I am so happy to welcome my friend, Jessica McCann, back to Great Thoughts’ Great Authors. I loved Jessica’s book, All Different Kinds of Free. My review is here. Jessica’s prior Great Authors’ post, Writing Bass-Ackwards is here.
Please note that I LOVE this guest post. She captures my feelings towards books perfectly!
Here again is Jessica:
During the past year or so, I’ve strolled the beaches in Uruguay, explored the island of Puerto Rico and picked wild raspberries in Alaska. Novelist and literary critic Caroline Gordon said, “A well-composed book is a magic carpet on which we are wafted to a world that we cannot enter in any other way.” I couldn’t agree more.
Book journeys take me places I don’t necessarily have the opportunity to visit in real life. They expand my mental landscape. They transport me to a different place and time. And the really good ones inspire me to explore the world around me when I can.
The Invisible Mountain by Carolina De Robertis completely swept me away. Set mostly in Uruguay and spanning the 20th century, its lyrical prose had me drinking bitter mate tea passed in a traditional gourd, gulping red wine at 3 a.m. in a backroom bar, inhaling cigarette smoke in the humid breeze of the La Rambla river. More than a year after reading it, the memories still flicker like old vacation film-reels in my mind.
In Sarah McCoy’s The Time it Snowed in Puerto Rico, I joined sweet 11-year-old Verdita Ortiz-Santiago on the island in 1961. I rode along in her Papi’s Jeep with the top down, in the brilliant sunshine, after the rains. “The trees and grass were emerald bright and winking as we drove down our winding mountain. Fruit stands stood at every bend. Oranges, bananas, and pineapples. Along the straightaway, a man sold fried chicken from the back of his pickup truck with a fryer sticking out of the bed.” Doesn’t that make you want to grab your car keys right now and go explore the winding roads of your own town?
Truth be told, I’ve been impressionable this way my whole life. As a child, how I longed to live in the Hundred Acre Wood, in a tree house with Piglet and Owl and Pooh Bear. (OK, fine, I still do.) And as a teenager, Jack London’s Call of the Wild beckoned me to the Alaskan wilderness like a moth to the light.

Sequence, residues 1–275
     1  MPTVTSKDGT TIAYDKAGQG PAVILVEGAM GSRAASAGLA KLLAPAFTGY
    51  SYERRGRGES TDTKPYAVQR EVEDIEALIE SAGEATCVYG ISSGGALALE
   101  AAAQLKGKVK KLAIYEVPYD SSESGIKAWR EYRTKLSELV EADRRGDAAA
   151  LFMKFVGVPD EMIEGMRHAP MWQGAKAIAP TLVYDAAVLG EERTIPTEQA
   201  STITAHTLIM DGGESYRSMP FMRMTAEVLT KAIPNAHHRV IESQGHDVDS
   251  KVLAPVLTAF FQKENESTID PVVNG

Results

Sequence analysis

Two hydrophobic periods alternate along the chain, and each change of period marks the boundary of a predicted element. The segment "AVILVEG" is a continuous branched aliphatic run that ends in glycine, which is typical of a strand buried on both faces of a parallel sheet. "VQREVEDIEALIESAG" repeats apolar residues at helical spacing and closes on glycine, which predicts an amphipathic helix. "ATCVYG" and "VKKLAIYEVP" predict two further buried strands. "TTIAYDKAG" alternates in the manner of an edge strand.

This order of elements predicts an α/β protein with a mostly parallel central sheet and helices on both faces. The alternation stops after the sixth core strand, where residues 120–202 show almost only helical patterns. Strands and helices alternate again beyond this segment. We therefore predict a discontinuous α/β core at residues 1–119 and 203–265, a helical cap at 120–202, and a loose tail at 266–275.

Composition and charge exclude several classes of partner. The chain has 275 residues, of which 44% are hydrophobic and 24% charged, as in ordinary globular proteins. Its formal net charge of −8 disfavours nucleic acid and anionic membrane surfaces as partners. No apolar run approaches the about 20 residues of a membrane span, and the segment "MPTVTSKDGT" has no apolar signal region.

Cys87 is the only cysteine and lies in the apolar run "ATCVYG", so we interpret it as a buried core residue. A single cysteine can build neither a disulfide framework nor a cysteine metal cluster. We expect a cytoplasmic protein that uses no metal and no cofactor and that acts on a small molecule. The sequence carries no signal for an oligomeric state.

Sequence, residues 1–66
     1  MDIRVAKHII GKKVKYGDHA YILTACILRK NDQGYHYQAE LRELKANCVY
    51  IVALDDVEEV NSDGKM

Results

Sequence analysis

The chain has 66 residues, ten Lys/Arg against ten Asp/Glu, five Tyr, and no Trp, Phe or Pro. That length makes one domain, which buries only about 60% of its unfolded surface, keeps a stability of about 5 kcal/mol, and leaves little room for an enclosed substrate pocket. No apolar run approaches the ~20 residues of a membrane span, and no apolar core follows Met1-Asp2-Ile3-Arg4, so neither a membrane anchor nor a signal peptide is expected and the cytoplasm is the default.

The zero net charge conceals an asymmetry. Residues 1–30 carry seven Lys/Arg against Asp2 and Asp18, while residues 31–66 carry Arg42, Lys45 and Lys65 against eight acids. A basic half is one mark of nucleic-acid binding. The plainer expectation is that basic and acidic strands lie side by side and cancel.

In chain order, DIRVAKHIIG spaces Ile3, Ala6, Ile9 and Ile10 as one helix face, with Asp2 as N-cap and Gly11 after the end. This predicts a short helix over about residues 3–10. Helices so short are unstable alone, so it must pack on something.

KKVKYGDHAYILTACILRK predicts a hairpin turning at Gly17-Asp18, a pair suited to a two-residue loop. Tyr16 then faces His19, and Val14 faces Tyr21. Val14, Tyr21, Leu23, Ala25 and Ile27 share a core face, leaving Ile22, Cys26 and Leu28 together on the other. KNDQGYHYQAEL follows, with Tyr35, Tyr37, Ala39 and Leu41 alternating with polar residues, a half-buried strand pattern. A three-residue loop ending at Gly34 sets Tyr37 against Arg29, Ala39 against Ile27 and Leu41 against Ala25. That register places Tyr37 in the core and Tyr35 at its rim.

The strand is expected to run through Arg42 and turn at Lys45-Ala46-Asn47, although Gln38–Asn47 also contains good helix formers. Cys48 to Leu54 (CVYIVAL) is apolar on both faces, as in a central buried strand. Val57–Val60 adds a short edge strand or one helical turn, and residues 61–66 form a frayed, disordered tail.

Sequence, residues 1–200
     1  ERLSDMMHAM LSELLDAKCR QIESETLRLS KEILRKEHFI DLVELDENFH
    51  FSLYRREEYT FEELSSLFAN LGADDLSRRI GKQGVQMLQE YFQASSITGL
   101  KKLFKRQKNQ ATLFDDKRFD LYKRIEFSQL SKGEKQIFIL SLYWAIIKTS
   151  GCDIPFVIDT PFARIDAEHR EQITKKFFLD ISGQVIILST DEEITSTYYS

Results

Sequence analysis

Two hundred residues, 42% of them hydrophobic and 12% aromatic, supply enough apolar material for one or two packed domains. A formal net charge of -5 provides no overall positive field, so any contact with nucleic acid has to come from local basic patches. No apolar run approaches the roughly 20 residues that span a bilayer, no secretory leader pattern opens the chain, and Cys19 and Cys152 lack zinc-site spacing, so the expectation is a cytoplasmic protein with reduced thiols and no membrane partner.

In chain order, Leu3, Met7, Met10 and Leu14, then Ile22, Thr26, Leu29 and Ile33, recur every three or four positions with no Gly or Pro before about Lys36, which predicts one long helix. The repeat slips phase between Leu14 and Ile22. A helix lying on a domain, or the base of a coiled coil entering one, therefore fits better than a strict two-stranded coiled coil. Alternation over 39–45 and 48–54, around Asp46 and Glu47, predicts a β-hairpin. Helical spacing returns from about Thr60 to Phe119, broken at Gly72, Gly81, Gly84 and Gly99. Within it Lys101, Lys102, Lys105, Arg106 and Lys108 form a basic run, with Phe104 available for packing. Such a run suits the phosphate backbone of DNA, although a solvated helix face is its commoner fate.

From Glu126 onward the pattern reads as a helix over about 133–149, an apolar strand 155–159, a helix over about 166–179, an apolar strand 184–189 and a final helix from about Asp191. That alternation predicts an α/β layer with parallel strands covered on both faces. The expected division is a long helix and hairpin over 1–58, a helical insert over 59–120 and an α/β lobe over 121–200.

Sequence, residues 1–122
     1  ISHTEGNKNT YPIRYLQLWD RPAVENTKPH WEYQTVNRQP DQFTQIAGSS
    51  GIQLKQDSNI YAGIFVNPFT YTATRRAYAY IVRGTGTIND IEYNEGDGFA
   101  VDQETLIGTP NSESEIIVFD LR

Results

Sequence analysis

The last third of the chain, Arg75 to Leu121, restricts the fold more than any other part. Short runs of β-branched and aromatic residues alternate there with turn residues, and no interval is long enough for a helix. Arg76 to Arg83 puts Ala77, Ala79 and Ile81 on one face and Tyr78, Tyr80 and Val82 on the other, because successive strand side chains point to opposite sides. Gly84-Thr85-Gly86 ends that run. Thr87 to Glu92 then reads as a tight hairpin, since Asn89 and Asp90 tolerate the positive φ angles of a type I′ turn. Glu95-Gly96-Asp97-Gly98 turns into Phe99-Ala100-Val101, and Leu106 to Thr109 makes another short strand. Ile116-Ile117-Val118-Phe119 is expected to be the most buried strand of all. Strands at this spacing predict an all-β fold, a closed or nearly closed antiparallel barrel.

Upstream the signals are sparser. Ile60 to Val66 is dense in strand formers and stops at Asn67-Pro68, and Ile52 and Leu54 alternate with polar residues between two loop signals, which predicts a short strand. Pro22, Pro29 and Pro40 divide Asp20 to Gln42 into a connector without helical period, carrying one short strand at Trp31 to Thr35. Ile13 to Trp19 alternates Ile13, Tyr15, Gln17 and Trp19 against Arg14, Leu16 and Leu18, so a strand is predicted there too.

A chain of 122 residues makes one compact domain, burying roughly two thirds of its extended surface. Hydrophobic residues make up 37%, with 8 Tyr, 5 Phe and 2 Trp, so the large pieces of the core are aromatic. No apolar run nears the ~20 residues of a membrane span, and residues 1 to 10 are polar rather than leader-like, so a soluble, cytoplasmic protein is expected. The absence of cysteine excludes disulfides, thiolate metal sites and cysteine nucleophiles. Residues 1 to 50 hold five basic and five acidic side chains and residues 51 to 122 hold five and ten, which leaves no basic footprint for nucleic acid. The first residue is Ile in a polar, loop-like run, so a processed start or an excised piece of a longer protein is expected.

In 1999, I experienced Alaska in real life on an anniversary trip with my husband. My mind spun with the vastness of the landscape, my lungs tingled from the glacial air among the fjords, and my heart skipped a beat the first time I saw a bald eagle in the wild.
A few months ago, I returned to that magical place through the pages of Eowyn Ivey’s novel, The Snow Child. Her description of homestead-era 1920s Alaska is absorbing. Part historical novel, part fairy tale, part love story, it’s a bittersweet, lush, enchanting book.
“Outside, the air was clean and cool against her face, and she could smell the wood smoke from the chimney. She let the snow float around her, and then Mabel did what she had as a child — turned her face to the sky and stuck out her tongue. The swirl overhead was dizzying, and she began to spin slowly in place. The snowflakes landed on her cheeks and eyelids, wet her skin. Then she stopped and watched the snow settle on the arms of her coat. For a moment she studied the pattern of a single starry flake before it melted into the wool. Here, and then gone.”
This excerpt is the perfect description of how I felt while reading The Snow Child. It was at times dizzying and captured all the magic of winter’s first snowfall. Like all good vacations, it ended too soon. I take comfort, though, in knowing the book has a permanent place on my shelf and I can ride that magic carpet back for another visit whenever I’d like.
Where have your book journey’s taken you? Has a novel you’ve read ever inspired a real-life adventure?
Jessica McCann, a professional freelance writer and novelist, lives with her family in Phoenix, Arizona. Her debut historical novel, All Different Kinds of Free, was awarded the Freedom in Fiction Prize and is available in trade paperback, ebook and audio. Jessica loves chatting about books at her website (http://www.jessicamccann.com) and on Twitter (@JMcCannWriter).
What are you reading and where are you going?